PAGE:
In that discourse He said that He was the way to the Father (14: 6) that He was going to the Father (14:12, 28; 16:5, 10, 16-17, 28), that He will answer their prayers in order that the Father would be glorified in the Son (14:13), that He will ask the Father in prayer to send a Comforter (14:16), that the person who loves Jesus is loved by the Father (14:21, 23; 16:27), that the words they hear from Him are not His own but His Father’s (14:24), that the Father sent Him (14:24; 15:21; 16:5), that the Father will send the Comforter (14:26),  that He loves the Father (14:31) and does what the Father commands (14:31; 15:10), that He is the vine and His Father the husbandman (15:1), that He loves His disciples the way the Father loves Him (15:9), that He has made known what He has heard from His Father (15:15), that if they abide in Him and bring forth fruit the Father will give them what they ask in His name (15:16; 16:23), that He will send them the Comforter from the Father (15:26; 16:7), that the Spirit proceeds from the Father (15:26), that the Spirit will testify about Jesus (15:26), that the Comforter will not come unless He departs (16:7), that the Comforter will convict the world of sin, righteousness and judgement (16:8-11) and will guide them into all truth, not speaking of His, the Spirit’s, Own Self, but speaking and showing the things which He, the Comforter, has received from Jesus (16:13-14), Who in turn shares in what is the Father’s (16:15), that He will pray to the Father for His disciples (16:26), that He came from the Father (16:27-28), and that He is not alone because the Father is with Him (16:32). (16)

Each of these statements indicates that the Persons Who are mentioned, sometimes the Father and the Son, sometimes the Son and the Comforter (the Holy Spirit, cf. 14:16-17, 26; 16:13), sometimes all three, are distinct from each other.   Other statements in this discourse speak of their essential unity.  Those who know Jesus should know the Father (14:7), he who has seen Jesus has seen the Father (14:9), the Father is in Jesus, and Jesus is in the Father (14:10-11, 20), Jesus says of the coming of the Comforter “I will come to you” (14:18) and “we [The Father and Jesus] will come unto him, and make our abode with him” (14:23),  and the person who hates Jesus hates the Father (15:23-24).   These statements pose no problem to the orthodox believer because the unity or oneness in essence, being, and substance of the divine Persons is part of the doctrine of the Trinity.   The statements previously mentioned pose a major problem to the Sabellian, however, because his doctrine denies any distinction in Person between the Father, Son, and Holy Spirit.

If this were not sufficient evidence of the distinction of the Persons, immediately after this discourse, the next thing we find in the Gospel is a prayer of Jesus.  He begins by lifting up His eyes to Heaven and addressing God as “Father”.  Six times in the prayer He addresses the Person to Whom He is speaking as “Father”, “O Father”, or “Holy Father”. (17:1, 5, 11, 21, 24, 25).   This is inexplicable if “Father” and “Son” are merely two roles of a single Person.   The prayer is for Christian believers, the Church, who are spoken of throughout the prayer as the ones the Father has given the Son from out of the world (17:2, 6, 9, 11, 12, 24).  Throughout the prayer He constantly makes references to His having been sent into the world by the Father (17:3, 8, 18, 21, 25).   He requests that the Father glorify Him with the glory He shared with the Father before the world (17:5), that He might in turn glorify the Father (17:1).  He also speaks of the love which the Father had for Him before the creation of the world (17:24).  He has shared the glory and love, which He and His Father shared before the world, with those whom the Father had given Him, and prays that they may be united as the Father and Son are one, and that they may be sanctified and kept from the evil of the world.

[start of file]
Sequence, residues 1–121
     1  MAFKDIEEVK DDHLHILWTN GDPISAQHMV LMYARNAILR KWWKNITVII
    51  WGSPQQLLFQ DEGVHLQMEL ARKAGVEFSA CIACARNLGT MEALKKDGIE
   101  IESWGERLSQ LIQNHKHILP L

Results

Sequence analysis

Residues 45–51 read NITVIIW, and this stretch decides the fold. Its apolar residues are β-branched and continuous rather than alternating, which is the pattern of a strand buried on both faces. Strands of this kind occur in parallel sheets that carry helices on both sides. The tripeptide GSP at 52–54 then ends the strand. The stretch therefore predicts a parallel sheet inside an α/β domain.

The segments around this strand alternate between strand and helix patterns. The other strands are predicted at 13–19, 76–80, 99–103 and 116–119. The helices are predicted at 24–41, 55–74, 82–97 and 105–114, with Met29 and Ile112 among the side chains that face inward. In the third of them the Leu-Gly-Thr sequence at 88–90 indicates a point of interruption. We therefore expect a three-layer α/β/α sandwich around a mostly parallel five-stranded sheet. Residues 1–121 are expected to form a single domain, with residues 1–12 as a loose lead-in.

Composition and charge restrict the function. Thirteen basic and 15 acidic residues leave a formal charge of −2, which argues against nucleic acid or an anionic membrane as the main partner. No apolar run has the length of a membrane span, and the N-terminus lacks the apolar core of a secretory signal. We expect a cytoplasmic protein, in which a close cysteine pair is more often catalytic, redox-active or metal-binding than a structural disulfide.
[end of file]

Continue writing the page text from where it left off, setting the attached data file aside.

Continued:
The heresy of Sabellianism would turn this prayer from a beautiful, intimate, expression of the Son’s desire that those whom the Father had given Him would share in the love, glory, and unity which the Father and Son shared from eternity past into an ugly farce, in which either Jesus was talking to Himself or His human nature was talking to His divine nature.  No, the plain teaching of the New Testament is that the Father, Son, and Holy Spirit are three Persons.   The defining characteristic of a person, in the sense in which we use the word to refer to the Persons of the Holy Trinity, is the conscious awareness of self and of the other as distinct from self. (17)   The Father is eternally aware of Himself as Father, distinct from the Son and Holy Spirit, the Son is eternally aware of Himself as the Son, distinct from the Father and the Holy Spirit, and the Holy Spirit is eternally aware of Himself as the Holy Spirit, distinct from the Father and the Son, just as the three are also eternally aware that although they are distinct Persons from each other, they are in essence and being, One God.

That Sabellianism is a heresy and that the Father, Son and Holy Ghost have eternally existed as three co-equal Persons in the Trinity is acknowledged by the evangelical leaders who teach Incarnational Sonship.  If the distinction between the Persons of the Father and the Holy Spirit is accepted, however, the doctrine of Incarnational Sonship becomes untenable for all the references to Jesus’ conception say that the Holy Spirit was the Divine Person active in the conception.   If Jesus’ Sonship is due to His miraculous conception and birth, then He must be the Son of the Holy Spirit rather than the Son of the Father.